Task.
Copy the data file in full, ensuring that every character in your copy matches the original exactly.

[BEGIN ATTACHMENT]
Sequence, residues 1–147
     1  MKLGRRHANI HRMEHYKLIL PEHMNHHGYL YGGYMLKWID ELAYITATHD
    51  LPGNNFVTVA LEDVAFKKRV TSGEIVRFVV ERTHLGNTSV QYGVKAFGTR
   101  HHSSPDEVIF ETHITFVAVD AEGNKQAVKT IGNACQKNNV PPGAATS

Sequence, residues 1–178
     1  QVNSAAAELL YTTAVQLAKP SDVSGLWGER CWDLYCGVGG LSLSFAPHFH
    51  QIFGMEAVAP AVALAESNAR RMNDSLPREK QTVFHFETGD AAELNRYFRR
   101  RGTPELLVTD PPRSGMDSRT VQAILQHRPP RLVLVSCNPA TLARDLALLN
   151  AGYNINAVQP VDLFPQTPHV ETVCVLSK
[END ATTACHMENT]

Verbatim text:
Sequence, residues 1–147
     1  MKLGRRHANI HRMEHYKLIL PEHMNHHGYL YGGYMLKWID ELAYITATHD
    51  LPGNNFVTVA LEDVAFKKRV TSGEIVRFVV ERTHLGNTSV QYGVKAFGTR
   101  HHSSPDEVIF ETHITFVAVD AEGNKQAVKT IGNACQKNNV PPGAATS

Sequence, residues 1–178
     1  QVNSAAAELL YTTAVQLAKP SDVSGLWGER CWDLYCGVGG LSLSFAPHFH
    51  QIFGMEAVAP AVALAESNAR RMNDSLPREK QTVFHFETGD AAELNRYFRR
   101  RGTPELLVTD PPRSGMDSRT VQAILQHRPP RLVLVSCNPA TLARDLALLN
   151  AGYNINAVQP VDLFPQTPHV ETVCVLSK